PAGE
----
What makes BCC so amazing?
- Influential attendees: The most valuable aspect of a conference is the chance to network with influential people. Every attendee - famous or not - will be high calibre.
Outcome-oriented: We encourage attendees and speakers to make “commitments” in conservation. The BCC team will track these commitments and show progress at future gatherings.
Unstructured time: To enable relationship-building and collaboration to take place, the agenda leaves ample time for 1:1 meetings - scheduled or unscheduled.
Robust agenda: The agenda features a lineup of diverse speakers and mind-blowing sessions.
Sessions that foster collaboration: Sessions are designed to serve as tangible, practical catalysts for collaboration.
Founding Philosophy for the ALU ‘Business of Conservation’ conferenc
Conservation in Africa today faces huge challenges. A rapidly rising human population – by 2100 Africa’s population may have quadrupled – accompanied by infrastructure development and rising levels of consumption will make it even more challenging to find room for wildlife. Harmony is yet to be found between the current pace of social and economic transformation and the conservation of Africa’s extraordinary wildlife and wild landscapes.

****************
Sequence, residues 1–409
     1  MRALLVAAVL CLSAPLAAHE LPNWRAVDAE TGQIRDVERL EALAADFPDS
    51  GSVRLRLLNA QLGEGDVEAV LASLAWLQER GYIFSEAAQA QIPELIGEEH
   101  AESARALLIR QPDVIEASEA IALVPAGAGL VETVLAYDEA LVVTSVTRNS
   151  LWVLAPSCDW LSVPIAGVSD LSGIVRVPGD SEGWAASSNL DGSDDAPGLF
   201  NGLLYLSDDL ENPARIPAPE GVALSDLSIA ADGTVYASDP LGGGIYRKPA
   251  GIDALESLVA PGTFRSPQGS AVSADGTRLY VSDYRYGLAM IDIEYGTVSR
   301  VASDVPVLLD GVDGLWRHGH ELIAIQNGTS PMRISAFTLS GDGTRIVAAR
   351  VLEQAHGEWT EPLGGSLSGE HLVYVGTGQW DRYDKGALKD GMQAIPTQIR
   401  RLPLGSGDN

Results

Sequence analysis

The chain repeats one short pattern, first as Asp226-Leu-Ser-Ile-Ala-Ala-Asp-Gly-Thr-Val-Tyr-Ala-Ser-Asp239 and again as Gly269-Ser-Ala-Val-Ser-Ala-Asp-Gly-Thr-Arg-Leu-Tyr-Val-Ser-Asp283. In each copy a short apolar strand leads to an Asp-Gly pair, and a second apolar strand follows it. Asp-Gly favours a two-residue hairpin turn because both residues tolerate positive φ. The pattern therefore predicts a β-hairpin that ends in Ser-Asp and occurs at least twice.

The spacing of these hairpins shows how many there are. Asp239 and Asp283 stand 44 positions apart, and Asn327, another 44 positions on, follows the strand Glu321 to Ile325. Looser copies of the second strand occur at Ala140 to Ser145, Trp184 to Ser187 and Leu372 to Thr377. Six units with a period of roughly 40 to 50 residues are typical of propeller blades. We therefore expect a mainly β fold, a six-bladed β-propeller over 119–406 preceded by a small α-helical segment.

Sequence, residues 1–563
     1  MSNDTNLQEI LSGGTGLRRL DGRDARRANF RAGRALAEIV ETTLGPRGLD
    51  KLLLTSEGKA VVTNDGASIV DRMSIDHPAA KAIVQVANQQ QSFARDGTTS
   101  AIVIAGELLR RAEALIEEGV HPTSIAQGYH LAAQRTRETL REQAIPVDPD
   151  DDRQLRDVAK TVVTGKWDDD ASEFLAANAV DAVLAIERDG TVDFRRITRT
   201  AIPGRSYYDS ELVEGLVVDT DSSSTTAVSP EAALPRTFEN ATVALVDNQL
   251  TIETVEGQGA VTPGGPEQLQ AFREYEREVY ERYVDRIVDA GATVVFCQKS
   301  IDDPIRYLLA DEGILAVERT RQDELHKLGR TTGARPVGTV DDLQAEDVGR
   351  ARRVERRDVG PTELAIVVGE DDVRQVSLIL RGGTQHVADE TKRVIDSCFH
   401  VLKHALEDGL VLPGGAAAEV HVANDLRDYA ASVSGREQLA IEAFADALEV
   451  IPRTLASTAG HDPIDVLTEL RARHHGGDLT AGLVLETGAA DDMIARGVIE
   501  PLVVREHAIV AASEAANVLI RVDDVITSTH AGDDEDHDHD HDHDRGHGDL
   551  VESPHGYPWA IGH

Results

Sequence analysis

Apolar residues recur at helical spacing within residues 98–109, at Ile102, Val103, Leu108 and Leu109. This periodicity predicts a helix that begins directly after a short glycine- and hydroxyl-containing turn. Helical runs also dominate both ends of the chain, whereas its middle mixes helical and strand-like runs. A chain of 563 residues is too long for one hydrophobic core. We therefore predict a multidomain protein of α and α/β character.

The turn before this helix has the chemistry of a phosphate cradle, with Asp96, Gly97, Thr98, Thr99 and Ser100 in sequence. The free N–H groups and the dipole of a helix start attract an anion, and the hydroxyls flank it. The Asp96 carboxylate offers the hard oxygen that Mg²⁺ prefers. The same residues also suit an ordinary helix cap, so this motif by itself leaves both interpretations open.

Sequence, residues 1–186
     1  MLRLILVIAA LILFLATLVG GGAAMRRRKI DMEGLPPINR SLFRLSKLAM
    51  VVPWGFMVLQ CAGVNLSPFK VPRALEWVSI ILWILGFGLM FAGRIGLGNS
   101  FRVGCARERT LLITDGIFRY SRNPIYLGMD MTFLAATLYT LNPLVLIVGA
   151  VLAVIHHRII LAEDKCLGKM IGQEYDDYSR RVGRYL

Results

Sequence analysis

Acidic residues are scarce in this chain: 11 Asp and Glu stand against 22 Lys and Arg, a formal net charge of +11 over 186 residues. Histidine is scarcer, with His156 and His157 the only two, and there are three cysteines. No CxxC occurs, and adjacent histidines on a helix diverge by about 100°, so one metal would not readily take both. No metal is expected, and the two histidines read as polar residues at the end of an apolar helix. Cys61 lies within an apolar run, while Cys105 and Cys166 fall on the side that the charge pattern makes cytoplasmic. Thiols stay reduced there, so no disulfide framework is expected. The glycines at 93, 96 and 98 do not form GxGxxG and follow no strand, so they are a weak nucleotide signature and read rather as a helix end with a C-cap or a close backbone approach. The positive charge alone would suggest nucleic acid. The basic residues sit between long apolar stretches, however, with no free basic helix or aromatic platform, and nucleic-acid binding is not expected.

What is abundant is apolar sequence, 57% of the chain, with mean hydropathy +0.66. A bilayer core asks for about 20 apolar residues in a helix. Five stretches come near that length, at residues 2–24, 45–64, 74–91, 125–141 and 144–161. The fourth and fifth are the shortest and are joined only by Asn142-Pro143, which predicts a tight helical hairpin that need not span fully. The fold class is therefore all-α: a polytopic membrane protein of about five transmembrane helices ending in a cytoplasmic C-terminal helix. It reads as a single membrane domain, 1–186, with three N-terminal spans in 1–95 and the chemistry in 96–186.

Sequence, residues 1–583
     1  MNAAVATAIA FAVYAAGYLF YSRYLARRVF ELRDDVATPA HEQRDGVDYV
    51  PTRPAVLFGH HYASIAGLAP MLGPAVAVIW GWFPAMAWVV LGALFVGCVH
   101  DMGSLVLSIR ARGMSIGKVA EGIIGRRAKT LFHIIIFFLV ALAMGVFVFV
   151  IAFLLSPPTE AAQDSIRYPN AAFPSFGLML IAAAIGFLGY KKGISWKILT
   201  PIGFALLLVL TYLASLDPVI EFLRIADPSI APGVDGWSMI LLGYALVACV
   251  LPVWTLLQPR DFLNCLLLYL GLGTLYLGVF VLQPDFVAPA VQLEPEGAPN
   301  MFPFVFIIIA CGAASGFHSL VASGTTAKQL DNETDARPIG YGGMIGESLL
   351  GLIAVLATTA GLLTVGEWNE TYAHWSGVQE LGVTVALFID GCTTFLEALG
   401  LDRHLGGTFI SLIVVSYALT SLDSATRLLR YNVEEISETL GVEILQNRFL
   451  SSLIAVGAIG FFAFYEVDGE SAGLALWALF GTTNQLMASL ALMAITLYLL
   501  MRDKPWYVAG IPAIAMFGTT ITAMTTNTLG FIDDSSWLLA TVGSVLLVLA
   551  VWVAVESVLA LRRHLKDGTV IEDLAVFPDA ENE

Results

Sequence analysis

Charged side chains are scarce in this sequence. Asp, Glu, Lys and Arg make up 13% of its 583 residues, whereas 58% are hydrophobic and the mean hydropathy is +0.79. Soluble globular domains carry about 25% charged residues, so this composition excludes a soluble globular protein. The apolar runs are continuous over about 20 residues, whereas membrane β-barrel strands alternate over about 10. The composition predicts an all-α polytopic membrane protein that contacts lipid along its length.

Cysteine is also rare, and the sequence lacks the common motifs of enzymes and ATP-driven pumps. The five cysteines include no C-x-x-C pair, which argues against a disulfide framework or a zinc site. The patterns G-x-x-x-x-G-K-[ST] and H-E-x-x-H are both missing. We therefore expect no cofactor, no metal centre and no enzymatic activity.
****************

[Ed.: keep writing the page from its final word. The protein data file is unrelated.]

Thankfully, there are models that are working. Business and operating models of successful initiatives in Africa may differ, but they all rely on the same two pillars.
First is a realization that conservation only thrives when it provides economic benefits to people. This is true worldwide, but it is especially so in Africa, where poverty levels are extremely high and where population growth is the fastest. Wildlife in Africa must be developed as an economic asset that gives value to local communities and entire countries if it is to survive. Countries like Rwanda, Botswana, Namibia, Zimbabwe and more recently Chad, Malawi and Benin have shown what happens when people are given economic benefits from conservation: wildlife populations rebound and habitat is protected.
Second is that leadership matters. In Africa, where institutions are weak, leadership and management makes much more difference in conservation outcomes than in other parts of the world. The success of a new generation of African conservation organizations and at the national level in countries like Rwanda and Botswana shows what happens when top leadership talent and good management practices are applied to conservation.
This conference explores the intersection of business, economic development and conservation. The conference seeks to open up new conversations about how to bring new entrepreneurial energy and vision to African conservation. Participants have the opportunity to engage with the most innovative work in conservation today and to hear first-hand about successful models and emerging opportunities.